In an interview from an unknown location with BBC’s Zeinab Badawi on the HARDtalk programme yesterday, Moyo claimed Zimbabwe has reduced itself to a “banana republic”.
Moyo’s interview has ignited the long-standing rivalry with presidential spokesperson George Charamba, who hit back at the former Higher Education minister in equal measure, daring him to return to Zimbabwe if he has no case to answer.
Moyo, who repeatedly described the military intervention as a coup, said he was pinning his hopes on the application of international law, insisting it was unconstitutional for the army to deploy itself.
“The army deployed itself in Zimbabwe yet the Constitution says only the President can deploy it,” he said, insisting that even if offered immunity, he would not accept, “as when the devil offers you amnesty, you would be a fool to enter into the Faustian bargain.
“When you have people deploying themselves and taking over all the institutions of the State and government, you don’t discuss immunity with them.”
Moyo said he was unapologetic for supporting former First Lady Grace Mugabe’s rise to the Vice-Presidency, as she held a strong position within Zanu PF.
“First of all, it is not corrupt to support a particular politician to become an office holder whether it’s Vice-President or President,” he said.
“It can’t be a crime in a constitutional democracy.
“It is false to allege that it was an attempt to elevate Dr Grace Mugabe, the former First Lady.
“What is really going on here is that there is a group of people that sees itself as the stockholders of Zimbabwe and this group is led by Emmerson Mnangagwa, but the de facto controller of this group is (Vice-President Retired) General (Constantino) Chiwenga.”
Moyo equated former President Robert Mugabe to former Cuban leader Fidel Castro and took exception when he was asked about the ousted leader’s legacy of running down the country.
He said the Constitution had been violated and people would not be expected to respect “the most feared gang of people, who perpetrated the worst forms of human rights abuses” in the country such as Gukurahundi and Murambatsvina.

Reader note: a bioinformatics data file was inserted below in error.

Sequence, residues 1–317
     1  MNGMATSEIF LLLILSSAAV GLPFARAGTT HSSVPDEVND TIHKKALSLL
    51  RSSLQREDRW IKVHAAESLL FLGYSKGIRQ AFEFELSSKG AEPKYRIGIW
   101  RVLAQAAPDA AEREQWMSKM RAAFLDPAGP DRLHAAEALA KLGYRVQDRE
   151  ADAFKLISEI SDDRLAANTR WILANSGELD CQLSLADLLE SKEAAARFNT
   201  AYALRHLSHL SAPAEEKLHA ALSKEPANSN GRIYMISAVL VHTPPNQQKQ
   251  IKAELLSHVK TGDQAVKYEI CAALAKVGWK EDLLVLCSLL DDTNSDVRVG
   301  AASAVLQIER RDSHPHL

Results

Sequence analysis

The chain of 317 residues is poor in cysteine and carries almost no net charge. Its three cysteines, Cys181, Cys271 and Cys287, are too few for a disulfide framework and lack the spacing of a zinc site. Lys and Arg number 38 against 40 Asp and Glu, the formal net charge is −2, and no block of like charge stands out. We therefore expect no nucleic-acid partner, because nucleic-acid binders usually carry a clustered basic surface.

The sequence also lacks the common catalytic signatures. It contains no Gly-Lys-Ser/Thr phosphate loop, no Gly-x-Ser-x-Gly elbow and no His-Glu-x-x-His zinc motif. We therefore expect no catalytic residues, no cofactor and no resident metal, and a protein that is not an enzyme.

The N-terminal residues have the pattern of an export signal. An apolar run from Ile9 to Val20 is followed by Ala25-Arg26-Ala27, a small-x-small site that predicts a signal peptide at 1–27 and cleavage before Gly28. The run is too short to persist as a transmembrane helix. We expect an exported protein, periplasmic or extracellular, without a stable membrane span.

“Every right-thinking Zimbabwean would like to see the restoration of constitutionalism and legitimacy,” Moyo said.
“It is not about an individual, but it is about the rule of law.
“The Constitution of the country has been subverted and there has to be a return to constitutionalism and we do not expect the very people who overthrew the Constitution to restore it.”
Moyo claimed his hands were clean and he never stole money from the government.
He said the level of allegations that former Cabinet ministers and senior Zanu PF officials hauled before the courts were facing did not warrant the military intervention.
But Charamba hit back, saying court proceedings against Moyo would go ahead in his absence and at that point he would realise that the government has a long arm.
He said even without the military intervention, Zanu PF had decided to retire its former leader and then nominated a successor, who was endorsed at the congress.
“So what is their problem? Also we are listening to the verdict of a suspect who is wanted in the courts of law,” Charamba said.
“Why doesn’t he worry about his status as a suspect? He should come and clear his name is a court of law.
“Legitimacy of the government is not derived from its critics, he is just one rejected voice, and he doesn’t command a body of opinion that worries anyone.
“He comes from a very discredited cabal and it would be foolish for us to be expecting him to be full of praises over that action.”
However, Moyo described the endorsement of the “military coup” as an “international conspiracy”.
Moyo in the interview also alleged that when Mnangagwa and Chiwenga went to MDC-T leader Morgan Tsvangirai’s house last week, they pretended they were concerned about his health, yet what they wanted was to negotiate with him to postpone elections for at least three years.
He claimed they are afraid of elections.
Charamba responded that contrary to claims that Mnangagwa asked for the postponement of elections, he invited Tsvangirai to make his submissions on his desired reforms in November and the MDC-T leader was yet to provide his submissions.
“This one is not about yelling from the sidelines, there is need for a proper paper, which is well-substantiated, which will then be forwarded to the relevant arms of government,” he claimed.
“That is the kind of submission the President has been waiting for from the opposition and the President intimated to Tsvangirai that the submission hasn’t yet come so that he can study it so that they find common ground,” he said, adding it was not true that Mnangagwa was seeking to postpone the elections.
However, MDC-T spokesperson Obert Gutu denied Charamba’s remarks.
“Charamba is being extremely economical with the truth. The MDC has consistently and persistently advised the electoral and political reforms that we would want to be put in place in time for this year’s elections,” he said.
Gutu said they had written several times to the Zimbabwe Electoral Commission to have the matter addressed without success.